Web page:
Gear and Gadgets – Safari packing

A safari adventure presents the ultimate packing challenge. A trip to Africa is a big investment in time and money. Long overseas flights, short flights on bush planes, and no convenience stores in the bush. All clothing, gear, and essentials must fit into what’s basically a carry-on bag. And as a wildlife safari is a lifetime dream for photographers and videographers, you won’t want to leave your best gear behind.

Each traveler is allowed a maximum or 44 lbs (including camera equipment and personal items) in a soft sided bag.  For most of us that means we bring the bare minimum  of clothing, mixing and matching as we go, and relying on laundry during the trip. Fortunately, most safari camps offer laundry services so you can count on some help here.

See Packing for Safari for clothing suggestions.


Duffel:  No hard-sided or wheeled luggage allowed!

  • The Eagle Creek No Matter What bag is well priced, and works great for safaris and road trips. Small enough to be stuffed into bush planes yet with pockets and dividers for organization. We used an older version of this bag (with backpack straps) on our last safari and loved it. Unfortunately our version of the No Matter What ended up too long for Delta airlines carry-on standards and was gate-checked. EEK! [capacity – 59 L, weight – 1 lb 14 oz, $53-80]
  • Tom Bihn, a Seattle based company, makes quality ‘Made In The USA’ bags. This Aeronaut 45 converts from a duffel to a backpack. It’s wide opening makes living out of the bag easy. It’s pricey but will do the job in style and last forever. [capacity -45 L, weight (halcyon) -2 lb 7 oz, $295] NOTE: we do not own an Aeronaut bag yet but base our recommendation on friends who have traveled with the bag.
  • Osprey offers many great bags. I bought the Osprey Trailkit bag for a overseas bike trip. It’s made specifically for cyclists, with a spot for your helmet and a ventilated bottom compartment for wet or dirty clothes. Lightweight, lots of organization and sturdy backpack straps make this bag easy to use. I am unsure whether this will be the bag we bring on safari (see my review of the Osprey Trailkit) but it is soft-sided, organized, and fits as carry-on.  [capacity 40 L, weight – 1.9 lbs, $120 but often found on sale]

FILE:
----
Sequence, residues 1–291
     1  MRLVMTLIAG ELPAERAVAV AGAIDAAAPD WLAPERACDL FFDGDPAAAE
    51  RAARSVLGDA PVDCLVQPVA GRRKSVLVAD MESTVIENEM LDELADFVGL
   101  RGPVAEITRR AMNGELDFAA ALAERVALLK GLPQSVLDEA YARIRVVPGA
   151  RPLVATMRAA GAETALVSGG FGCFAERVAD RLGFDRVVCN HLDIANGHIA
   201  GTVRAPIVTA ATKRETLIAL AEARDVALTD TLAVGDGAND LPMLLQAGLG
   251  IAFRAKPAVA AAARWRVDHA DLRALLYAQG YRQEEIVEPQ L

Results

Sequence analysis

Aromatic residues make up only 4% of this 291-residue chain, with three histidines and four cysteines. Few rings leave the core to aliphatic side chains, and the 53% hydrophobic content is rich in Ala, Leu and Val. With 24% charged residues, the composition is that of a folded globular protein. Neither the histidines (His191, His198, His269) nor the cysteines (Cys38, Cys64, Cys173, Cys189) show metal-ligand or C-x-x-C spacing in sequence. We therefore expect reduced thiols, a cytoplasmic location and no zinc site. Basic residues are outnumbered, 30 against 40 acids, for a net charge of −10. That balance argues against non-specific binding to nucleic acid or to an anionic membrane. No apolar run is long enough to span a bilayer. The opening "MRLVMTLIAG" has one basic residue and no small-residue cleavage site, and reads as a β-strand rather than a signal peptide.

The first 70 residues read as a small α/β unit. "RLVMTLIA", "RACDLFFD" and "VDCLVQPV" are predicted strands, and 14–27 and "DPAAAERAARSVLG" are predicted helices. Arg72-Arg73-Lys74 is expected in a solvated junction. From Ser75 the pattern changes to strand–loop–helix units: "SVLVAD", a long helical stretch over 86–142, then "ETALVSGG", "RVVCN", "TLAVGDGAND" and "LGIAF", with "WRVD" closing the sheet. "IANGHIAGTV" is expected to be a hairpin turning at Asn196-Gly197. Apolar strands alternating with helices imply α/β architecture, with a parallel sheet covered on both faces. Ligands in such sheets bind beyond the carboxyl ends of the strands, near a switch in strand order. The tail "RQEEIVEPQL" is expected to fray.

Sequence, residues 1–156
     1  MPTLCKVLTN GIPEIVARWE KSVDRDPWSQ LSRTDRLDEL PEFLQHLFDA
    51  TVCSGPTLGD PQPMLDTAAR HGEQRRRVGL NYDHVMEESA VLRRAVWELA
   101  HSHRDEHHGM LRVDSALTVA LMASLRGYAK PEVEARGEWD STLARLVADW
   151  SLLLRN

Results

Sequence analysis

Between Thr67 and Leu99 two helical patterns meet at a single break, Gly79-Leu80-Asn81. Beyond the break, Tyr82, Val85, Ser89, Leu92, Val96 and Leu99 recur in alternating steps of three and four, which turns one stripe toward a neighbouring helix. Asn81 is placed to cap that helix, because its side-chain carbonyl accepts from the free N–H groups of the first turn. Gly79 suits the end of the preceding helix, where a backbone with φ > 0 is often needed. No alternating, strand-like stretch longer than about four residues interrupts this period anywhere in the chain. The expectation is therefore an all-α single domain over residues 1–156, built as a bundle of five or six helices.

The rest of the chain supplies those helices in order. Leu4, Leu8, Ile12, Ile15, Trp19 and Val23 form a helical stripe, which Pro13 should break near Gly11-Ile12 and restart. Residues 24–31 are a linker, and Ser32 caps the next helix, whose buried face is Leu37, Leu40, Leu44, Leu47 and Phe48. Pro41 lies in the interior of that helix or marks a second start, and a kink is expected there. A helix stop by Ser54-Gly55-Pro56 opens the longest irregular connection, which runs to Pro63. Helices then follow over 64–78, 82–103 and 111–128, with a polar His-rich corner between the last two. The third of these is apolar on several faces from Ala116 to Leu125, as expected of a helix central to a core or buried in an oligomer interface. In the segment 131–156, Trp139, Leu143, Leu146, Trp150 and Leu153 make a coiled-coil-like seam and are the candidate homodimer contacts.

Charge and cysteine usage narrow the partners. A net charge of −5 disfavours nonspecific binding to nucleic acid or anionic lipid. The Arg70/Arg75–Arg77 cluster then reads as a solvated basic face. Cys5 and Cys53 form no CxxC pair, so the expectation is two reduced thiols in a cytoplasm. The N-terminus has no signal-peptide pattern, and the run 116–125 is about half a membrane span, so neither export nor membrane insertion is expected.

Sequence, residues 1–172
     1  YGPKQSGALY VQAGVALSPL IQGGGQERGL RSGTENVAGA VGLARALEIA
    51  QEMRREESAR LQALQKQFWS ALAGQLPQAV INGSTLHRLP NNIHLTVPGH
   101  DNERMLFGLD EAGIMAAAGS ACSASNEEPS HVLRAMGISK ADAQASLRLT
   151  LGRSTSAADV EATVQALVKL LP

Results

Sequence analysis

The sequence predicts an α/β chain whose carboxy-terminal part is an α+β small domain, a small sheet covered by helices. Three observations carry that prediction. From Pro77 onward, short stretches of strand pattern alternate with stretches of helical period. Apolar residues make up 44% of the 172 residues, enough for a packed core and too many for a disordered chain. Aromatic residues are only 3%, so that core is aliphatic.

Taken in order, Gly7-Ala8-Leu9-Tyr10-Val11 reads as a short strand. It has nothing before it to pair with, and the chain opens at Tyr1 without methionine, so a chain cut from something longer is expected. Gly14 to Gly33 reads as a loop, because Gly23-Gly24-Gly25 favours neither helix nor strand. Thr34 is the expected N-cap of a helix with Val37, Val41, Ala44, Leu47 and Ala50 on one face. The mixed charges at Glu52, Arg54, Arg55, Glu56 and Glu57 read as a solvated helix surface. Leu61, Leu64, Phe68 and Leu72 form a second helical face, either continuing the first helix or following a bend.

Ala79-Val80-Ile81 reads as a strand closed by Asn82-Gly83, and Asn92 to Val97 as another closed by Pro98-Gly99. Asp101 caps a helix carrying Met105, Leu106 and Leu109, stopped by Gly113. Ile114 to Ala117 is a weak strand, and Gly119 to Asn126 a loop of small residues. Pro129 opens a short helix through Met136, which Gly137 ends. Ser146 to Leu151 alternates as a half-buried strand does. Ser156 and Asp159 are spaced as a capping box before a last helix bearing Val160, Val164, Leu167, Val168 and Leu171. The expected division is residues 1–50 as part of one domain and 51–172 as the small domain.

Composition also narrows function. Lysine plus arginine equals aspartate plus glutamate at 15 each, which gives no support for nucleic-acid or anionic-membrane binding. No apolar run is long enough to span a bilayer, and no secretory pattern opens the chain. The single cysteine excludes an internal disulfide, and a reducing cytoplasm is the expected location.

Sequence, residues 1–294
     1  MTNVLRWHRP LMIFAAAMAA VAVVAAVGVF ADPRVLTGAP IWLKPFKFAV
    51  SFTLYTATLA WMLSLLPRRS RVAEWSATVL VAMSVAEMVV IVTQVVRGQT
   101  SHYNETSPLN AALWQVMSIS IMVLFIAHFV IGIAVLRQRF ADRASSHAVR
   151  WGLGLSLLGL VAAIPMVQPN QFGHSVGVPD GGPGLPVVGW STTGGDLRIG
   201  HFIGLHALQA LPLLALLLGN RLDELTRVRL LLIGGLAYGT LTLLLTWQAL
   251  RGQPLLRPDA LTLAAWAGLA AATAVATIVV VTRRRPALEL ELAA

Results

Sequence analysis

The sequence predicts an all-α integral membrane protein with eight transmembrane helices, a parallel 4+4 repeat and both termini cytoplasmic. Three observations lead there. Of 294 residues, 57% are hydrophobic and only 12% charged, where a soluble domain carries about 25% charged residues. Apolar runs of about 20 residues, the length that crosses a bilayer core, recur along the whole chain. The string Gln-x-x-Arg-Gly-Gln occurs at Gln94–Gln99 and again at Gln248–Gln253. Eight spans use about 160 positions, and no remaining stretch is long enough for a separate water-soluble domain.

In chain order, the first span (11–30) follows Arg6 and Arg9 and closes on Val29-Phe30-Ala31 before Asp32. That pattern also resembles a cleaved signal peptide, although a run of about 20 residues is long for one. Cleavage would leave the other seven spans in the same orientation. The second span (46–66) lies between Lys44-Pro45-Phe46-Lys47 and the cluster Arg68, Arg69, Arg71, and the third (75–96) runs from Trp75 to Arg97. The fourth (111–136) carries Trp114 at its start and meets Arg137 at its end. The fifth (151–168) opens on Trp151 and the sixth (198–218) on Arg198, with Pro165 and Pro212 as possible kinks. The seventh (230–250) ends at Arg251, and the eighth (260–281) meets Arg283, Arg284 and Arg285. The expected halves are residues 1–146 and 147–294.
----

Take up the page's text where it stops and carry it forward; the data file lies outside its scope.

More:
Camera Bag:

This choice is determined by what you carry.

Dave carries a Canon backpack or Lowepro slingback which allow easy access to his cameras and lenses.

I minimize my packing space by using camera wraps and inserts within a basic bag. This is also good in that it doesn’t advertise the expensive equipment I’m carrying. (I recommend the Tom Bihn packing cube shoulder bag – right – as I can use it for an seat-back flight bag, but re-purpose it for as a camera bag at my destination.)



Dave is carrying his T3i Canon. For this trip he has decided to rent a high end Canon EF lens. These lenses are often available to rent in Africa but he will rent here so as to have time to adjust to the lens.He’ll also bring a couple of prime lenses.

In 2014 I purchased the Panasonic Lumix FZ200 for its low light capabilities and long range. I loved having a high-quality point and shoot so I could savor my time in the field without concern for lens changes. I debated upgrading the camera for the second safari, but decided that the quality of the FZ200 in relation to its weight was too good to trade.

Binoculars – One set is sufficient for a couple traveling. We maximize quality in a small package with the Swarovski CL Companion line. The optics are astonishing for such a small, lightweight binoculars. Love these binos!

Smartphones – phone cameras have improved tremendously since 2014. I still cringe when I see someone using a phone exclusively on a big trip, but I use my iPhone for many quick shots around camp.


iPad mini 64 GB – At .73 lbs it’s a lightweight solution an entertainment device on flights and portable backup device for photos.

Kindle Paperwhite eReader – taking the new, waterproof Kindle Paperwhite loaded with books from the library’s Overdrive collection.

External charger – yes, most camps have charging stations and most airplane seats have outlets, but don’t count on it! Bring a small lipstick Anker (3 oz.) charger or, my favorite, the Anker PowerCore 10000 (6.3 oz).

Flashlight or headlamp – we bought the UCO flashlight/lantern combination in 2014 and we glad we did when an elephant broke through the electricity lines in camp looking for jackalberries… In the 5 years since, this light is always by my bedside in case of power outages.

Extra camera batteries


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3 thoughts on “Gear and Gadgets – Safari packing

  1. Pingback: Packing for our Second Safari | Traveling Tulls

  2. Pingback: Rhino Africa – Our Choice for African Adventures | Traveling Tulls

  3. Pingback: Packing for Safari | Traveling Tulls

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